Of flora and fauna

nature walk

The bus hesitantly huffed up the steep mountainous slopes as the sun lazily rose through the dense forest, piercing the early morning mist. As we climbed higher up, a brilliant panoramic view of verdant fields in the plains below opened up.

spotted A slender-necked water bird , perched on the shaft of a tree jutting out of the surface of River Periyar. Half an hour later, the bus pulled into Kumily, a sleepy township in Kerala’s Idukki district, just across the border from Tamil Nadu, the base for most visitors to the Periyar National Park. Spreading over an area of almost 1,000 sq km, the park is one of Kerala’s largest wildlife reserves.

Kumily appeared to have vastly expanded since I last visited the town almost a decade ago. Dozens of hotels and lodges — catering to almost every traveller’s budget — had sprouted across the town, as had eateries and massage and ayurvedic treatment centres. An amiable autorickshaw driver guided me to a delightful, modestly-priced home-stay, where I was to spend the next week in near-perfect serendipity.

All along the road leading to the wildlife sanctuary, old bungalows had been tastefully converted into inns for tourists, mostly foreigners, and were evidently doing brisk business. Some innovative locals had even built bamboo huts atop enormous trees — simple but expensively-priced accommodation for travellers with a taste for adventure.

From Kumily to the boat landing in Thekkady, the centre of the separate zone within the Periyar reserve where tourists are allowed access, was a pleasant four kilometre walk, with almost impenetrable jungle spilling out on either side of the road. Birds busily squawked in the thickets. A party of racket-tailed drongos — graceful birds with tails shaped like spoons — swam in the clear sky. Giant spiders lazed in their intricately woven webs that hung like blankets from enormous trees.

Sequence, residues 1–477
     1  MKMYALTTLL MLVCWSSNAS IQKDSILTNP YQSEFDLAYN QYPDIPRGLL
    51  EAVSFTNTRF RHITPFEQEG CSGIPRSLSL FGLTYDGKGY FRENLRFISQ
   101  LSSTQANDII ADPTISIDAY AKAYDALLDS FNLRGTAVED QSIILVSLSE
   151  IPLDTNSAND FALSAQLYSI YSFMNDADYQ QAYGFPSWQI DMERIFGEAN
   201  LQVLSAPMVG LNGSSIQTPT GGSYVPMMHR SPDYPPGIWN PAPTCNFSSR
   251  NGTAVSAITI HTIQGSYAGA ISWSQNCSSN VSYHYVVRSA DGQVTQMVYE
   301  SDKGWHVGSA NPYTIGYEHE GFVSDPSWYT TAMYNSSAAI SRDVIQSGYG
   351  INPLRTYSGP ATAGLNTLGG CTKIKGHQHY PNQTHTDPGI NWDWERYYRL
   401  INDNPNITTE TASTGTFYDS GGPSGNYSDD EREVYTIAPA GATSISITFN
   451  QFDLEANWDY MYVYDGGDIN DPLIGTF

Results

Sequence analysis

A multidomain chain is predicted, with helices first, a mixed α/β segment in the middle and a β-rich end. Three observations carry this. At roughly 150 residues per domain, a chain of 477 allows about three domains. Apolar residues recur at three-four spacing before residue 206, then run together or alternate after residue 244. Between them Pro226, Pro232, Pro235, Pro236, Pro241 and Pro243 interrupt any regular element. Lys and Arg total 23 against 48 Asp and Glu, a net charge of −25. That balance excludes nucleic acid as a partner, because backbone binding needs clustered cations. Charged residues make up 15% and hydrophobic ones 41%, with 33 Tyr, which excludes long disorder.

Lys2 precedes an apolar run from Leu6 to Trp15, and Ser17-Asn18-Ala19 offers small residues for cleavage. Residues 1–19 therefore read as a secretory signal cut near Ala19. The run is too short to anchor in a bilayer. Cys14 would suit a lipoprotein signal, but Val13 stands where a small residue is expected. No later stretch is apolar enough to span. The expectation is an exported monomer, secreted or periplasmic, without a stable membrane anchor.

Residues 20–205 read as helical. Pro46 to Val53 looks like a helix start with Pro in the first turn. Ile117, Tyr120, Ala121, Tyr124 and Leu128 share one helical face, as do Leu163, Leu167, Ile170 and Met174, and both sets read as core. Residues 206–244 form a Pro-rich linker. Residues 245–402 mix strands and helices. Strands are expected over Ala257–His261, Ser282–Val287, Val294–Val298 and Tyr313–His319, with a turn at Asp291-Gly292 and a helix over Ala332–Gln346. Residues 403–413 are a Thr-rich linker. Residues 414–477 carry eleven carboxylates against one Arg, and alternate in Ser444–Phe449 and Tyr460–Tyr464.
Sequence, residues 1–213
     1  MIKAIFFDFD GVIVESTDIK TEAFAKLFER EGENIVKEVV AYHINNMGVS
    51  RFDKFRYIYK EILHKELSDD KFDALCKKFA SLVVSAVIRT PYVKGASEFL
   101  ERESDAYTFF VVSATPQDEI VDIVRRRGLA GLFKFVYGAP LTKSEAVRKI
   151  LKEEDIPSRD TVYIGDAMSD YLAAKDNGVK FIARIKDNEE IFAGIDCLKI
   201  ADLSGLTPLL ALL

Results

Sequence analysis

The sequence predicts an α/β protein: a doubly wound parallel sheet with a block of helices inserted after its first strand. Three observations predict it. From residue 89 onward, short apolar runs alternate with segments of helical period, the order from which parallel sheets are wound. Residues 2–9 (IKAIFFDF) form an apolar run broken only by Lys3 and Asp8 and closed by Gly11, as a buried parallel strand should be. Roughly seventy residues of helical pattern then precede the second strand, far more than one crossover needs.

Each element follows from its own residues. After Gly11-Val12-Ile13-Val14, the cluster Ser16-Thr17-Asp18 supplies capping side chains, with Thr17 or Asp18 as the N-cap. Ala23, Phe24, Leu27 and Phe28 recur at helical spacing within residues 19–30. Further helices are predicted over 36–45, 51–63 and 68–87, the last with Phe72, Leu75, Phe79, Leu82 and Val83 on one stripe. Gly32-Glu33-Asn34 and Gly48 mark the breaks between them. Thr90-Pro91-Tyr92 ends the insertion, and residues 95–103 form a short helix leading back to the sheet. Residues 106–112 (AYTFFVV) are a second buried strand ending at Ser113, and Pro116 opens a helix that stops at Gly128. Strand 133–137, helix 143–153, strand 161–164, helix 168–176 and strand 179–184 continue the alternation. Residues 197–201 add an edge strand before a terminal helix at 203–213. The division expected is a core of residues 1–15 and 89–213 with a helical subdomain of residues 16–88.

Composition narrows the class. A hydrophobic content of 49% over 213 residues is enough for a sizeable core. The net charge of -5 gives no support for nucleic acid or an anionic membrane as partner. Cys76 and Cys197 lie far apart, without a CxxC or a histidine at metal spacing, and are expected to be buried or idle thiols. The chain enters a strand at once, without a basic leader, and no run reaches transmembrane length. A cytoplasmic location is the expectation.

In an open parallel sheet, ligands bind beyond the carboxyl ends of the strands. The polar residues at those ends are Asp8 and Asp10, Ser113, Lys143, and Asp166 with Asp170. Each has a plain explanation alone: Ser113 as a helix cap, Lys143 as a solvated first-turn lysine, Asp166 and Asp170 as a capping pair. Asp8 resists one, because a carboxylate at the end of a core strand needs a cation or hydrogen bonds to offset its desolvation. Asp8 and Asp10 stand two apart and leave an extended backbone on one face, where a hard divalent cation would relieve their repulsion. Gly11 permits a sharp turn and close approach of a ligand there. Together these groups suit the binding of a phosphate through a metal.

A battalion of crickets kept up an incessant chatter. Dozens of gaily-painted butterflies and electric-hued dragonflies flitted about energetically. Black-faced monkeys scampered around, chattering excitedly. A slender hornbill suddenly flew across my path and disappeared into the forest. Trudging ahead, I spotted a pair of bushy-tailed pale-red Malabar squirrels snoozing high up on a tree. 

Unlike most other wildlife sanctuaries in India, where movement is generally greatly restricted, there is much that tourists can do in the Periyar National Park — thanks to the enterprise of the park authorities, who have developed several innovative programmes for visitors. The highlight of a visit to the park is a two-hour boat-trip, priced at a nominal Rs 40, across the vast lake that was formed when the Mullaperiyar dam on the Periyar river was constructed more than a century ago.

Early mornings and late evenings are the best time to take the boat ride. Turtles laze on rocks on the banks, sunning themselves, and shoals of fish dart about in the muddy waters. Slender-necked water birds nest on the shafts of trees that jut out of surface of the lake. The placid water shimmers with the soft light of the sun, and barring the gentle waves produced by the boat, nothing else moves — a picture of unsullied peace and silence.

Packs of wild boar and spotted deer saunter about in the distance. As the boat swims further down, a vast family of majestic gaur or Indian bison trudge down to the banks of the lake. Then, as the boat moves ahead, a lone elephant comes into view, but, on seeing the boat, it slides back into the jungle.